Thursday, January 2, 2003

UC coach saw early stardom in Tressel

Peters worked with OSU coach at YSU

By Bill Koch
The Cincinnati Enquirer

Dan Peters understands how talented the University of Miami football team is. He knows Ohio State isn't expected to beat the Hurricanes in the Fiesta Bowl on Friday and win its first national title since 1968.

But he also knows it's never wise to bet against his old friend, Buckeyes coach Jim Tressel.

From 1993-99, Peters was the head basketball coach at Youngstown State University, where he watched Tressel, then the Penguins' football coach.

What Peters saw was an intense competitor who ran a disciplined program, set high standards and demanded that they be followed.

"Like most coaches who are successful, he had a vision of how he wanted to do things and he sold that vision to everybody around him," said Peters, who's in his fourth season as the University of Cincinnati's associate head basketball coach.

Tressel, 49, used those elements to win 135 games and four Division I-AA national championships at Youngstown State from 1986-2000.

And in just two seasons at Ohio State, that same approach has pushed the Buckeyes, an underachieving team under previous coach John Cooper, into the national championship game against Miami.

"He was a very good disciplinarian," Peters said of Tressel. "It wasn't screaming and yelling and cursing. It was, 'Fellas, here are the things I think are important: You're not going to get into trouble. You're going to go to class and you're going to be on time.' There were always consequences for your actions."

Peters, who also worked with UC coach Bob Huggins for three years at Walsh College in the '80s, says the coaches are similar in their philosophies, if not in their approaches. Both are the sons of successful coaches, both have Ohio roots and both enjoyed rapid success in their current jobs. Huggins made it to the Final Four in his third UC season; Tressel has OSU in the national title game in just his second season.

Tressel isn't a screamer; Huggins is. Tressel is concerned about images, and insists that his players wear coats and ties on the road; Huggins allows more freedom.

"They're different in their presentation, but they're exactly the same in terms of their coaching," Peters said. "They're very strong in their beliefs, very good teachers, care very deeply about their players, and they care about the people around them."

Nothing Tressel has done at Ohio State has surprised Peters, from the offense he runs to the emphasis he has placed on the annual rivalry game against Michigan.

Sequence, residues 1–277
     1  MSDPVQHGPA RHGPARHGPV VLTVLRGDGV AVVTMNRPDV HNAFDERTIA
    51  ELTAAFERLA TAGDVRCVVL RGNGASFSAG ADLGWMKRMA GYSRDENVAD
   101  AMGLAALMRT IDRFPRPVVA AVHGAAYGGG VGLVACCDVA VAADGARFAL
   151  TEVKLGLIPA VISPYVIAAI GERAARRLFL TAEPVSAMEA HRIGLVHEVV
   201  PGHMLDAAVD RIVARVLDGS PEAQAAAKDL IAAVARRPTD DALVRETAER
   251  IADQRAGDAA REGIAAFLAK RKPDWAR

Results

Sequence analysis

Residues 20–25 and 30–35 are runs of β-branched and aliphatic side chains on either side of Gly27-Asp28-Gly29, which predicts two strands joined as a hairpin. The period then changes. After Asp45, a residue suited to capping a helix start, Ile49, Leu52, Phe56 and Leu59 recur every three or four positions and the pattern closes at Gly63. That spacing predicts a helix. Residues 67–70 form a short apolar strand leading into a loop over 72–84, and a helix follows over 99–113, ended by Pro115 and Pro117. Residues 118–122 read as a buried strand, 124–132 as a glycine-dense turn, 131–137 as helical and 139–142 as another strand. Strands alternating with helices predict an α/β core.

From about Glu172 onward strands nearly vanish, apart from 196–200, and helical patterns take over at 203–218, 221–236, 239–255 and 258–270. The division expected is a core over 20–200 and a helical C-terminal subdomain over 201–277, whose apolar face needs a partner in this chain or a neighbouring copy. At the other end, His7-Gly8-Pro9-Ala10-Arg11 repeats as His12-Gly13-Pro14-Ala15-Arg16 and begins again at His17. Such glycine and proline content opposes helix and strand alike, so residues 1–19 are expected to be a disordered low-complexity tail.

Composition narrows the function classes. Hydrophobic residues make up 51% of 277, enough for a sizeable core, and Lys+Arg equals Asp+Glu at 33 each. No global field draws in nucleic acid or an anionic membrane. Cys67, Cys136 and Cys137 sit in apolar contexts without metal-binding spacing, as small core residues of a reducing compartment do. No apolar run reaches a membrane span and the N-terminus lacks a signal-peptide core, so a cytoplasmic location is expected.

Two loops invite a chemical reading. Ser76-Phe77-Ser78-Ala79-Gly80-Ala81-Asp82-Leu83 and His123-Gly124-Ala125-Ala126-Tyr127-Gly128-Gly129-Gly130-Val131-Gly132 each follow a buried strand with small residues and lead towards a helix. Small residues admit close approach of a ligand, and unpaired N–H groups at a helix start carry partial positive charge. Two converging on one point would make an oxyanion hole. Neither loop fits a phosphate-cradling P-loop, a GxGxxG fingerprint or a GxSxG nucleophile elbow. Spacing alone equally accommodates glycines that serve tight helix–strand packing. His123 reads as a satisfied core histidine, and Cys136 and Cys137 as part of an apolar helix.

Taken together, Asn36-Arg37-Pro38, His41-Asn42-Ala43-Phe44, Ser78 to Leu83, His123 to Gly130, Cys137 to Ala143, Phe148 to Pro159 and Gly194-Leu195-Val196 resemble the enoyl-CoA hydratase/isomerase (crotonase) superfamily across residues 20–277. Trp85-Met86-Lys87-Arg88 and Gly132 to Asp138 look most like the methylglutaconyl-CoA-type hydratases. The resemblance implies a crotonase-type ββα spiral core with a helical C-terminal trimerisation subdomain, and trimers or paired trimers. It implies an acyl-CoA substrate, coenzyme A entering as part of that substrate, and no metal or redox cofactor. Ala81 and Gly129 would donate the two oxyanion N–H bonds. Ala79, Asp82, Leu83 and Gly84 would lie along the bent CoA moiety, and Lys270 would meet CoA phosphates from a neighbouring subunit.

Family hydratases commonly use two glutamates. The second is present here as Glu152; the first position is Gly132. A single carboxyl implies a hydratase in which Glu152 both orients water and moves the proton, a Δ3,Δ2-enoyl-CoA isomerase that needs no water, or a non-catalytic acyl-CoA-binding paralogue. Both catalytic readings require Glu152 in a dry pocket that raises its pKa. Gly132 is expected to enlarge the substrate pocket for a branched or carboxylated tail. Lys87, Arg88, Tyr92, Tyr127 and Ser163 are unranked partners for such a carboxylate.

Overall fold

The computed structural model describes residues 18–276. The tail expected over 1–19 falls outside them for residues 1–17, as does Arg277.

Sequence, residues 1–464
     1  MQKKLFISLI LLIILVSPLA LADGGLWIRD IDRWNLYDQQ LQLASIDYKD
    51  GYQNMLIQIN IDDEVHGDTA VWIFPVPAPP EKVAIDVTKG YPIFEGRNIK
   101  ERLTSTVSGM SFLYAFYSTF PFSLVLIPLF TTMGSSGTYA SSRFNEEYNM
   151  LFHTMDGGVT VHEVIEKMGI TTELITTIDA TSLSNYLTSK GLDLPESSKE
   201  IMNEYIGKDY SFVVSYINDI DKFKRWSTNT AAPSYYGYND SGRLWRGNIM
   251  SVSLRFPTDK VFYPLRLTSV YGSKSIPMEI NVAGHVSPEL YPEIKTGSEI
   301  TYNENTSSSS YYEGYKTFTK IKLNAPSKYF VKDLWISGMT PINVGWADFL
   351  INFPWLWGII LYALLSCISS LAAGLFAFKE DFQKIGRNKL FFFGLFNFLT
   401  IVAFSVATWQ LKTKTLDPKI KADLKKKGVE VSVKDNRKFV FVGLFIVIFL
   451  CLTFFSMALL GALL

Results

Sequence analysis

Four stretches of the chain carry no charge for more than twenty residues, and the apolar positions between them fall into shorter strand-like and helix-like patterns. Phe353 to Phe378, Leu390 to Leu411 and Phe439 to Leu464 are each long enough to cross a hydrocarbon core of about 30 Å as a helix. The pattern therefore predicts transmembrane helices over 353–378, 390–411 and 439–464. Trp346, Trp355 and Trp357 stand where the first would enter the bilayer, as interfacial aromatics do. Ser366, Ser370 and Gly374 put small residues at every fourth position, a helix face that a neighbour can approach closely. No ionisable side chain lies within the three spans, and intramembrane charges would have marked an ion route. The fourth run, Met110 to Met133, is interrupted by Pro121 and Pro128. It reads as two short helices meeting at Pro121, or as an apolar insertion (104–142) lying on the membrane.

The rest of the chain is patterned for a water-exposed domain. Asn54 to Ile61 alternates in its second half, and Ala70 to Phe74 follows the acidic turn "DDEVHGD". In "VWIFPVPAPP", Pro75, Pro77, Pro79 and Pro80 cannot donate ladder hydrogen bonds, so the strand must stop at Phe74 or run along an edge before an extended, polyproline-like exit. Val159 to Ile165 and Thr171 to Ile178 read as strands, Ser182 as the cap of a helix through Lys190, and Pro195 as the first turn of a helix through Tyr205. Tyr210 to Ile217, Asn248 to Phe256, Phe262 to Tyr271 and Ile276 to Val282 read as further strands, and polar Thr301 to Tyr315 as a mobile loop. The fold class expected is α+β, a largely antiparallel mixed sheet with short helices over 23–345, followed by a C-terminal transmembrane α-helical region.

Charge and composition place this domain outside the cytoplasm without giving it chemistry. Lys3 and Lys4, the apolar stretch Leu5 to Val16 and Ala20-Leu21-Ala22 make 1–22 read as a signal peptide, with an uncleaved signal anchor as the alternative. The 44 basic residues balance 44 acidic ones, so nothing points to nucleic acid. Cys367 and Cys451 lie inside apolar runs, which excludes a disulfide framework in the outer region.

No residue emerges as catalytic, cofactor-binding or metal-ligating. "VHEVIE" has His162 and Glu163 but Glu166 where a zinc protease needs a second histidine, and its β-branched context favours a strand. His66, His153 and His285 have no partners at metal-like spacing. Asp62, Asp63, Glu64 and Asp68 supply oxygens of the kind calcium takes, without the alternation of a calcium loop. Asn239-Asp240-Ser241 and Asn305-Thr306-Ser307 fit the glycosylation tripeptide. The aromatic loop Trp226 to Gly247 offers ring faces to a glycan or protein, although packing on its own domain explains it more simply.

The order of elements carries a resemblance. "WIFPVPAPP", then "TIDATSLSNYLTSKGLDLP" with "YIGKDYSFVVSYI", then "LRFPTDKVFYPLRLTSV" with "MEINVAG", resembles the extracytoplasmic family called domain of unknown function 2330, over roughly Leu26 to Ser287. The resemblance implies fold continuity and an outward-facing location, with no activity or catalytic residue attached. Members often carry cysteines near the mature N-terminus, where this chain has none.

Peters remembers sitting in the stands for the Penguins' first game of the season after they had won the national championship and hearing a fan complain Tressel was running the plays he ran the year before.

When Peters told Tressel about the fan's complaint, Tressel laughed.

"I've got news for that guy," Tressel said. "Tell him those are the same plays I've run for the last 10 years and the same plays I'm going to run for the next 10 years."

Tressel's success against Michigan and his willingness to embrace the rivalry also stem from his days at Youngstown when he used to prepare his players for their annual rivalry against Akron by spending a few minutes at the end of practices running extra drills and preaching about the importance of the Akron game.

As a former Ohio State assistant, Tressel knows instinctively how important the Michigan game is for OSU fans, just as he understood the significance of Youngstown St.-Akron on a smaller scale.

"The first time we met in person," Peters said, "I asked him how he liked coaching at Ohio State. He said, 'I'll tell you one thing. If you're going to coach at Ohio State, you've got to beat Michigan or you're not going to keep that job very long.'

"He understood the importance of that game. He knew the tradition of it. I guarantee the first time he met those kids he told them, 'You will be ready to play against Michigan.'"

Tressel has a knack for envisioning how a game will unfold and for steering his team into position to win. That's why Peters won't be surprised if the Buckeyes pull an upset.

"They'll play as a unified group that believes in each other," Peters said. "On paper, they don't have the personnel that Miami does. But there's a lot to be said for having people believing in each other, especially when you've got one or two great players."

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